What It's Really Like To Be A Woman At The Country's Most Prestigious Business School

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If you do an image search for “business school student," you get this guy: a handsome if bland white man in a suit, with a briefcase over one shoulder that's probably stuffed with applications for a job on Wall Street. He looks nice, kinda boring, like he could be named Steve.

If he’s what you imagine when you think of business school, you’re imagining wrong.

This spring, we spent a few days at one of the most elite MBA programs in the country, Harvard Business School, talking to the class of 2015. The women we found there were a diverse, driven, and expectation-defying bunch. We met a professional drummer, and a practicing Muslim who cut her teeth working on remote oil fields in Texas. We met women dreaming of the corner office, and women dreaming of anything but.

For all their differences, these scholars shared a belief in themselves, an almost infectious confidence about the world and their place in it.

Business school — Harvard's especially — has always had a reputation as a boys’ club. And it sounds like it’s earned: Edith Dorsen, who graduated HBS in 1985, summed up her experience as a woman there like this: “There were still urinals in the women’s bathroom, and a Marilyn Monroe poster hung in the classroom, if that helps you visualize it.”

It’s come along way in recent decades — women make up 41% of the current class, up from 25% a generation ago — and the school has been actively working to improve the culture for and success of its female students.

But, no matter how they fare in B-school, the women of the class of 2015 will be heading out onto an unequal playing field. Women like them, at the highest education levels, face the most pay discrimination and biggest wage gap of any group. "At top jobs, pay can go into the stratosphere, and women are still less likely to have those very top jobs," Ariane Hegewisch, a study director at IWPR, tells us. It's not something these women don't know about; each, in her own way, has a unique plan to tackle the gap, whether via statistic-defying hard work or forging a new path.

Ahead are highlights from those conversations with four women from HBS’ class of 2015. In their own words, they tell us about their two years at Harvard, what they learned (including lots of amazing getting-ahead advice), and how they’re planning to conquer their futures.

Read on for some serious wisdom.

Photography by Christopher Churchill. Interviews by Elizabeth Segran.

"I Want To Find That Awesome Thing I Love & Just Get It"

Photographed by Christopher Churchill.
Oneica Greaves
HBS class of 2015

One of the main reasons I came to business school is that it put me on a great track to get to the next stage of my career. But when I got here, I started thinking that I could be doing more with my life. In the moment, you just don’t always realize how big an opportunity this is and you take it for granted. But when you put it in perspective, you realize we have the opportunity to go on to do whatever we want with our careers — and also a big opportunity to inspire other people.

I grew up in Brooklyn. My mother immigrated to the U.S. from Guyana. She was a single parent and I am an only child. My grandparents were close by, and so were both my aunts, so after school I'd go to my grandparent's house, but I also learned to be independent. I think we just managed, you know?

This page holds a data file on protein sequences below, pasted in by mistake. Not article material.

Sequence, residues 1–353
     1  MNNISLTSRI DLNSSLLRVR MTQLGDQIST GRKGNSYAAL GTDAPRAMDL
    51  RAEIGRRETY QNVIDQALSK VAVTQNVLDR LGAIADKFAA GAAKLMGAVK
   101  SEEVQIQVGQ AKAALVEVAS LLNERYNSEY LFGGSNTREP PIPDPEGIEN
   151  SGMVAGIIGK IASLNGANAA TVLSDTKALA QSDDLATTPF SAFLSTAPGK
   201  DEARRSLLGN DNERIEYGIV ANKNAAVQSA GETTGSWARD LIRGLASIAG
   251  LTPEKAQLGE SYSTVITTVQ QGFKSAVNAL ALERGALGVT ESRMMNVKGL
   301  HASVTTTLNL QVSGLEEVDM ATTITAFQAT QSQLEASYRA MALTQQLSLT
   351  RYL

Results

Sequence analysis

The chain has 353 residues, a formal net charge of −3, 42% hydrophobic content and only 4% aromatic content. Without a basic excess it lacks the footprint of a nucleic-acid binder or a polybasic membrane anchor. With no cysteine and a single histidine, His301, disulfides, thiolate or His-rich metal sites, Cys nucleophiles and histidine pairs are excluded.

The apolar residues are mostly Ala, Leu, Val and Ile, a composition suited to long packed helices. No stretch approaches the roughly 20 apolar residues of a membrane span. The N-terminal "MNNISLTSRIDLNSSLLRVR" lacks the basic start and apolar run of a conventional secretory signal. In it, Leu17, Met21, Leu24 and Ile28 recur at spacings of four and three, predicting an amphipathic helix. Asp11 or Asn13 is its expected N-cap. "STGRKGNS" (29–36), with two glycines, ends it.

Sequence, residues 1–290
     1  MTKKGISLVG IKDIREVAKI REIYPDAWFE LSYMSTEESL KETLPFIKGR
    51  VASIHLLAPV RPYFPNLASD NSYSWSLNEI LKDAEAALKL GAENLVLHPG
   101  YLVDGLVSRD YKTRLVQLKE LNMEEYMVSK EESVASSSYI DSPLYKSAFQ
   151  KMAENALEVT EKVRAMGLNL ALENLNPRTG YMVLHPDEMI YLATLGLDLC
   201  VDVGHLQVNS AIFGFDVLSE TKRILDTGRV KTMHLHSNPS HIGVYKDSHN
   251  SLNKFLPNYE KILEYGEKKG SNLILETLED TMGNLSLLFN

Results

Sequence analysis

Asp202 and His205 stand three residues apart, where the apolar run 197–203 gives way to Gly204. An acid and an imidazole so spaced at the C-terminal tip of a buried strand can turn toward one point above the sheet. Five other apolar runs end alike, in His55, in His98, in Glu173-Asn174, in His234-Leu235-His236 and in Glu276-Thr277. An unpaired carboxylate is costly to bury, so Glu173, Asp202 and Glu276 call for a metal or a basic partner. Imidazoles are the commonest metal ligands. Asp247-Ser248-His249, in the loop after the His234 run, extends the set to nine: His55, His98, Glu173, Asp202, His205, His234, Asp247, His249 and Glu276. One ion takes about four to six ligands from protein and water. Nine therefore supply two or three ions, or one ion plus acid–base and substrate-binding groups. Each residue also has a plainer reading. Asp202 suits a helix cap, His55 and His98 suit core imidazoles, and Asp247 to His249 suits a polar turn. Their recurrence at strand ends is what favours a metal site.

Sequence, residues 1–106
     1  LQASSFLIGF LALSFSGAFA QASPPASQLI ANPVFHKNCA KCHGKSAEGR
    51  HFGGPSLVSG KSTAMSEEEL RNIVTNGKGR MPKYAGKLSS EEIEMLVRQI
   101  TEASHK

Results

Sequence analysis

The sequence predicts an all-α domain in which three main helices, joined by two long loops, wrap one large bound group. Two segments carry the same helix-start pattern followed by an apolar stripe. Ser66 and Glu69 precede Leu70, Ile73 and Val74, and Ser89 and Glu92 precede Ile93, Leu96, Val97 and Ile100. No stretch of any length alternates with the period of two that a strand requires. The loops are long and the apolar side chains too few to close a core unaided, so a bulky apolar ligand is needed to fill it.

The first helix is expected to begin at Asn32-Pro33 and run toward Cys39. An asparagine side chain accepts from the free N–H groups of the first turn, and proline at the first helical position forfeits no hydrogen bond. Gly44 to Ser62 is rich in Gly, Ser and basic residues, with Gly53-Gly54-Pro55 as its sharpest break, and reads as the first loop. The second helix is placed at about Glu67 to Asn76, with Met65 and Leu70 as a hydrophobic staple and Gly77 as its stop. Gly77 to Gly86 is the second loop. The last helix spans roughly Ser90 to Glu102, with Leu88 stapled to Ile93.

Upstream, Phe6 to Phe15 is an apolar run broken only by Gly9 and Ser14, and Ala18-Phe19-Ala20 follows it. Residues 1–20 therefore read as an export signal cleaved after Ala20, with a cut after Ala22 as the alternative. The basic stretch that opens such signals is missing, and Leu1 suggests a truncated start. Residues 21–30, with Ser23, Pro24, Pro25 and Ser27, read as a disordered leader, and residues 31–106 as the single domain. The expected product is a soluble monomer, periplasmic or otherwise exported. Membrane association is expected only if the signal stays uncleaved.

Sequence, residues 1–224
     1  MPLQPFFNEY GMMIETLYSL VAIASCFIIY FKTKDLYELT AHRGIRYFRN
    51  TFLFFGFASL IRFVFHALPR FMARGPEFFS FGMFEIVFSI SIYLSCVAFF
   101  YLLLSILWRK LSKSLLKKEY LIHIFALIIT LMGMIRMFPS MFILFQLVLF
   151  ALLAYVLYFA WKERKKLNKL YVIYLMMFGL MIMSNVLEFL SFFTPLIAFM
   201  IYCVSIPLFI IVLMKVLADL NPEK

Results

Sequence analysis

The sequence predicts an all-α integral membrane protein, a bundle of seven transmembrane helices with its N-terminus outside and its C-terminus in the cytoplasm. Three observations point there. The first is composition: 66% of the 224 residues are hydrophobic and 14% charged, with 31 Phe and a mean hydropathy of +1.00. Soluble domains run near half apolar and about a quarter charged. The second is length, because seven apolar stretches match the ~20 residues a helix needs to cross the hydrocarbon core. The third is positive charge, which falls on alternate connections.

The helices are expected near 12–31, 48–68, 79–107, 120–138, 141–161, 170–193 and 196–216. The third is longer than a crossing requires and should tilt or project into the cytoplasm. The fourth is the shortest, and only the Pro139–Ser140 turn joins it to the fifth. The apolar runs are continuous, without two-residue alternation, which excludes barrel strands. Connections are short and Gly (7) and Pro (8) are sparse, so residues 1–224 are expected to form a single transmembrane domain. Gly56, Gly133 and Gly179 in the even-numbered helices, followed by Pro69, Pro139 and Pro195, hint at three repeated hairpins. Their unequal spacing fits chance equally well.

What did I want to do when I grew up?  I wanted to do so many things. I think at one point I wanted to be a lawyer. I wanted to be a high-powered CEO in tech and then finance. I knew I wanted to be successful; that was always in the back of my mind. For me, it meant earning money and being in a powerful position. Being at the top of a company, that’s how I envisioned it.  

You arrive at HBS and you’re suddenly surrounded by 900 students who have done well in their careers. Every day, I’m around people who have done so many spectacular things and, at times, I wonder whether I’ve really done that much with my life. There are people here who have started a company. I see all the possibilities of things I could do and I think, my god, I want to find that awesome thing that I really love and go after it.
To a certain extent, it’s true that men are more aggressive than women. I have been sitting next to some of my guy friends thinking, I need to talk at some point, too. Women tend to think through our thoughts before we say them — we might have more internal monologue than men do, or men just know how to ignore it.

Especially in my first year, I’d find myself sitting in class thinking I had this perfect comment, and you go through all the internal dialogue, trying to frame it perfectly. Then you look across and see your male colleague speaking up and think, wait, I had that comment, too, why didn’t I raise my hand? You don’t want to be that sort of person.

This environment pushes you to just speak up, even when you don’t have a perfectly well thought-out comment. Speak up, voice your opinion, be able to defend it.
Most of my bosses have been men. As you move up, there more men than women — because it’s a tough industry. There’s a busy season where we’d work nonstop for three months,  and if you’re a woman who wants to start a family it’s difficult juggling all of that.

Right now, I’m 30 and I’m focused on building my career. I know this is probably the wrong way to look at it, but I’m just not ready to get married yet. There are still so many things I want to accomplish, so much I need to learn about myself. I want to get married when I’m ready and willing to give my all.